by Sally Applin
Last night I had a discussion with @interdome on Twitter. I’ll post it at the end of this piece, but what I think he was pondering was that non-academic press have a hard time with capturing the Burning Man culture and write that they have captured the culture when they have only partially done so, or captured one aspect of it.
I wrote that many might do so, but that that at Burning Man, there are different experiences, different burns, different years, different dynamics, and different people at Burning Man, and therefore the cultural dynamic of the event changes every year.
When we look at our research on PolySocial Reality (PoSR), we are looking at relationships between people, people and machines and machines to machines, and how the structure of those relationships change over time. While PoSR is the framework for the network of this, there are individual separate instances of PoSR with each communication attempt–and the structure of PoSR overall changes as the dynamics change in the communication.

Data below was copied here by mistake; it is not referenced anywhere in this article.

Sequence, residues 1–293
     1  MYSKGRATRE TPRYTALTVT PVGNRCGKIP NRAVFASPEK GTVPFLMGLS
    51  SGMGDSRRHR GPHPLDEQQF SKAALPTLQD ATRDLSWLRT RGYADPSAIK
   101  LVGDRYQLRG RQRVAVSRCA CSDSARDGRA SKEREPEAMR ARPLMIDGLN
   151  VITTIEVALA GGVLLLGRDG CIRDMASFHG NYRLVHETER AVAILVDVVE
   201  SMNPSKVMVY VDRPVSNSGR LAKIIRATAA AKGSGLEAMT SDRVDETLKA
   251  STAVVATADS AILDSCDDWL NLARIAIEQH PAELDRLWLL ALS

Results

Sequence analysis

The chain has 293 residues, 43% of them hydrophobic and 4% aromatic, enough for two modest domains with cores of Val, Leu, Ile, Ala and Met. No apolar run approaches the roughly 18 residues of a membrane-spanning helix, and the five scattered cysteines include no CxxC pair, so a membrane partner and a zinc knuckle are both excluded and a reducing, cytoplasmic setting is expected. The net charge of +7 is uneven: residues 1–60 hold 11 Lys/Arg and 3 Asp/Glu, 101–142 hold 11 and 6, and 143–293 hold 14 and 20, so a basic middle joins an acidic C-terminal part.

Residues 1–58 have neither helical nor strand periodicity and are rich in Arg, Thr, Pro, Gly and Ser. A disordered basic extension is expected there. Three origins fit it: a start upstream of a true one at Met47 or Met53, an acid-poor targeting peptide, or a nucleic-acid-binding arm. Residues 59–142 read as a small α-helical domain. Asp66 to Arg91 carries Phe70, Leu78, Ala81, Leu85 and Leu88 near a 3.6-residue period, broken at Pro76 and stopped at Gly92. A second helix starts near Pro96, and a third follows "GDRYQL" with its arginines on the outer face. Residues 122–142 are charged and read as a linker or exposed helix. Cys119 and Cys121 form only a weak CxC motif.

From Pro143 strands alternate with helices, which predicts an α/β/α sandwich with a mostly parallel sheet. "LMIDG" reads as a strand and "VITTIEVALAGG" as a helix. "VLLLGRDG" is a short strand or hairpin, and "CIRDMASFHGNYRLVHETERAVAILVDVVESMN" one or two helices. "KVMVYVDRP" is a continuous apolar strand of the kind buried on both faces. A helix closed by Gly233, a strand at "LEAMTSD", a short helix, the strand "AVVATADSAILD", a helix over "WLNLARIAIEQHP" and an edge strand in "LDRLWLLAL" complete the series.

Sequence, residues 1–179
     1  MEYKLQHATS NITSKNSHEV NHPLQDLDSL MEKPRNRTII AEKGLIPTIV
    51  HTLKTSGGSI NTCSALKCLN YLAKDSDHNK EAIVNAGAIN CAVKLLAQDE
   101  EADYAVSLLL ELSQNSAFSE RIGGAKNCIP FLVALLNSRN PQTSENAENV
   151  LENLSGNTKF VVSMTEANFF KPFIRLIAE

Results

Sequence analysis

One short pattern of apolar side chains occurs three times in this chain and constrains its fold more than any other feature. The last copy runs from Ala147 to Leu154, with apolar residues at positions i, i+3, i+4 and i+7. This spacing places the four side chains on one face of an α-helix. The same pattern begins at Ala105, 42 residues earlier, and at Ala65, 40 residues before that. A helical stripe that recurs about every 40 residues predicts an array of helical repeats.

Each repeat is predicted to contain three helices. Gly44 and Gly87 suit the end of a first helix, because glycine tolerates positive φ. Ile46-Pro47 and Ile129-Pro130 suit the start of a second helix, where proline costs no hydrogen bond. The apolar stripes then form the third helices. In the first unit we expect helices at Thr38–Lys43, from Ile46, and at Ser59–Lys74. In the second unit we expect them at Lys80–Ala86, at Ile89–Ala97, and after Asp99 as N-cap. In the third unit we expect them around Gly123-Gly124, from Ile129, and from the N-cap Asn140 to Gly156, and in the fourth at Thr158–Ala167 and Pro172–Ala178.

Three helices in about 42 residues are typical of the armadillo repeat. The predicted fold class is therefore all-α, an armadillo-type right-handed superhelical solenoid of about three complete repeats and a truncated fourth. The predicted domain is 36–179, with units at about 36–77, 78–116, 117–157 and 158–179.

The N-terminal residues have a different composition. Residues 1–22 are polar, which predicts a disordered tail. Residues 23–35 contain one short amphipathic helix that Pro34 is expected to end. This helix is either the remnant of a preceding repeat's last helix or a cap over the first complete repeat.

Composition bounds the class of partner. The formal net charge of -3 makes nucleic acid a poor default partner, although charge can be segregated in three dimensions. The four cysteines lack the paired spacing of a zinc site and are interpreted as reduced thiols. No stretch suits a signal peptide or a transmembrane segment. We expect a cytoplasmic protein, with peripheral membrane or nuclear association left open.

This is also true for Burning Man. Each year, Burning Man is made up of a collection of people who come together at a particular time in a particular place. The culture of the event is the culture of that group for that Burn. To say that each year is the same, after 20+ years of an event, isn’t exactly accurate. Culture is dynamic and changes, and thus each instance of Burning Man could be considered as a temporary instance of PoSR within an overall structure of relationships that form and dissolve.
©2014-2014 Sally A. Applin. All rights reserved.